These days we’re all obsessed with buying online. Websites like Amazon have revolutionised the way we think when it comes to getting the stuff we need. Where we used to go down the high street or to our local store, now we log on and ‘add to cart’ from the comfort of our homes. Every market is undergoing a digital revolution – and no traditional ‘bricks and mortar’ business is safe, including in the automotive sector.


Recent research has demonstrated that as many as 31% of people under the age of 35 would now consider buying their next car online.The sands are shifting – and quickly. Across the pond, online dealerships have seen growth of 2.9% per year over the last 5 years and it looks like it might be a trend that’s about to hit even more countries.

Buying a car is a big life purchase. One thing that’s absolutely certain is that you want to have complete trust in whoever you’re buying from. Growing popularity of online-only retailers, across a huge number of markets, is showing that providing people have trust in the retailer, they’re more than prepared to buy on the web. In order to break into a market, e-commerce businesses have to counteract the barriers, such as a lack of face to face contact, that might impede potential customers trusting their model. In many sectors this is done with a range of guarantees, online communications and delivery options.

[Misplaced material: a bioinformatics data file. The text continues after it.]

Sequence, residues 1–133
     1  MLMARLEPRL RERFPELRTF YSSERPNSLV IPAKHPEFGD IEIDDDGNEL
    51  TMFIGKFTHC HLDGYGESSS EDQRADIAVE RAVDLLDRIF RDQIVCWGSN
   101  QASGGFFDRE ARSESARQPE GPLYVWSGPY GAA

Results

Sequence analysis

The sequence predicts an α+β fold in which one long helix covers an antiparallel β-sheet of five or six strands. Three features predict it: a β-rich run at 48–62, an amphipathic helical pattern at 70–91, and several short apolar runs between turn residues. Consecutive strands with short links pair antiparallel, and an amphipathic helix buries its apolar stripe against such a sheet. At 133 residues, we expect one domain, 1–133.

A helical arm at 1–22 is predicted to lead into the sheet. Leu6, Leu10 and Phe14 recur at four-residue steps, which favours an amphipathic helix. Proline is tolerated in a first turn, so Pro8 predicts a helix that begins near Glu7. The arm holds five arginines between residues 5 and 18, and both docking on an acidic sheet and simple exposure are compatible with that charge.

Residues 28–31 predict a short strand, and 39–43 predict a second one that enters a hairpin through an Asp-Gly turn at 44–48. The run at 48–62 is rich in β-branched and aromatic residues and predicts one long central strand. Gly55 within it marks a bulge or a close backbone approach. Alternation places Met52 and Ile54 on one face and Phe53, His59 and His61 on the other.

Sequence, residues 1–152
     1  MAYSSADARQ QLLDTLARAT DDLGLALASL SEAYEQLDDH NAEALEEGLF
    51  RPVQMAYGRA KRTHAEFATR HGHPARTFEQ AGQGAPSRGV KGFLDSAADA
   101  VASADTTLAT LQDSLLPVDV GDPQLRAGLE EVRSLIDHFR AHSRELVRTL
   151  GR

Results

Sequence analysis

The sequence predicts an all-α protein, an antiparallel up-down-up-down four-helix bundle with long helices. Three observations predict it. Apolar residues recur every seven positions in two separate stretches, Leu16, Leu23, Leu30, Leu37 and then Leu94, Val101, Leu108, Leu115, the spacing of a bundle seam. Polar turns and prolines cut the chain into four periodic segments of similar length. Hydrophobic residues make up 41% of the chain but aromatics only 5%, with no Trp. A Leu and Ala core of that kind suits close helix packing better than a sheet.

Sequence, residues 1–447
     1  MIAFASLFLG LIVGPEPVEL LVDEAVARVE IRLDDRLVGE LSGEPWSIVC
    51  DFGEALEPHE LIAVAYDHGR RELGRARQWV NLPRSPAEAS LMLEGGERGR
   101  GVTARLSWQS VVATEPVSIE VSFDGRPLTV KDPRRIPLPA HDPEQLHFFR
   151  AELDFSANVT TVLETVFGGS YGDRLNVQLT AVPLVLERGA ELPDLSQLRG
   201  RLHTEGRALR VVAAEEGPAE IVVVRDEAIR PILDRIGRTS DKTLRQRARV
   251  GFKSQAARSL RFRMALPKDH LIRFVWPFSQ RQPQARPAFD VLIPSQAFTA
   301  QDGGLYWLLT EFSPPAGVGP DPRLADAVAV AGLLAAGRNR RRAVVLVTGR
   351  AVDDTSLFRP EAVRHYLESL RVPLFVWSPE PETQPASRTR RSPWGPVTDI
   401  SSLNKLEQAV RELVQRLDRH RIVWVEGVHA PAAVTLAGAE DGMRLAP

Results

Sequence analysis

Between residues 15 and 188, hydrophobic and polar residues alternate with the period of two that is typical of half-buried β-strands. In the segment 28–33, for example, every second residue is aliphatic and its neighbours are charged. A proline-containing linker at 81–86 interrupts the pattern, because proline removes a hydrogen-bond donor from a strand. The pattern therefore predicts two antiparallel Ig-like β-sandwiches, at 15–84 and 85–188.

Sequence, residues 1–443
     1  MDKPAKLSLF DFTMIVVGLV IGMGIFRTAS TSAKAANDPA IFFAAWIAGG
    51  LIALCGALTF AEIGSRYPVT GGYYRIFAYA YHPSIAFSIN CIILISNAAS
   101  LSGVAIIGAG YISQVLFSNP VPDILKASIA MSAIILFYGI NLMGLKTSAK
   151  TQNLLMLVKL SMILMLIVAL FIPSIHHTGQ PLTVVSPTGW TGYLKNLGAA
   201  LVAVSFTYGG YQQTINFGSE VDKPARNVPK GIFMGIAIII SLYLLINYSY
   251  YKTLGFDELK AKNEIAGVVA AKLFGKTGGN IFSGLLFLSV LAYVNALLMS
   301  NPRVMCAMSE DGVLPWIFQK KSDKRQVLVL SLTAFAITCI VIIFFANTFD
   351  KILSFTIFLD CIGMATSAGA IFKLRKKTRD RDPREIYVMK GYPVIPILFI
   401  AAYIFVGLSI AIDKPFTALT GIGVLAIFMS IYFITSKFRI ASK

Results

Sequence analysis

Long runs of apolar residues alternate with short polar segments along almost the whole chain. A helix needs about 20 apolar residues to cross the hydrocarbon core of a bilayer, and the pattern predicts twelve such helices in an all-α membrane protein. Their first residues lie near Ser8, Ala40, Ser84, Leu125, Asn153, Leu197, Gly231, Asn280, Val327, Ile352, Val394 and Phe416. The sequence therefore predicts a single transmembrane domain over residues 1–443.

Carspring is a new site that brings the humble car used car dealership to web. The company has come up with an enticing package that genuinely shifts the dealership online and goes someway to allaying concerns their customers may have.

The great advantage of buying a car with Carspring is that prices are fixed at the going rate, rather than linked to sales targets – as is the case with most dealers. What’s more, their price includes more benefits than you might expect – all aimed at making customers feel more comfortable switching to an online purchase. This includes a 6 month AA Gold Warranty, a year’s AA breakdown cover and a 14-day money-back guarantee. Additionally, the company offers flexible finance, sorts out all the important paperwork and delivers their cars directly to their customers’ doors.

All of these benefits seem to indicate that the company has created a clearly structured process that ensures the customer can buy online in complete confidence. Those days of trawling around dealerships in the wind and rain are surely numbered. Just like most other markets, the future of buying a used vehicles will include sticking the kettle on, kicking off your shoes and logging online.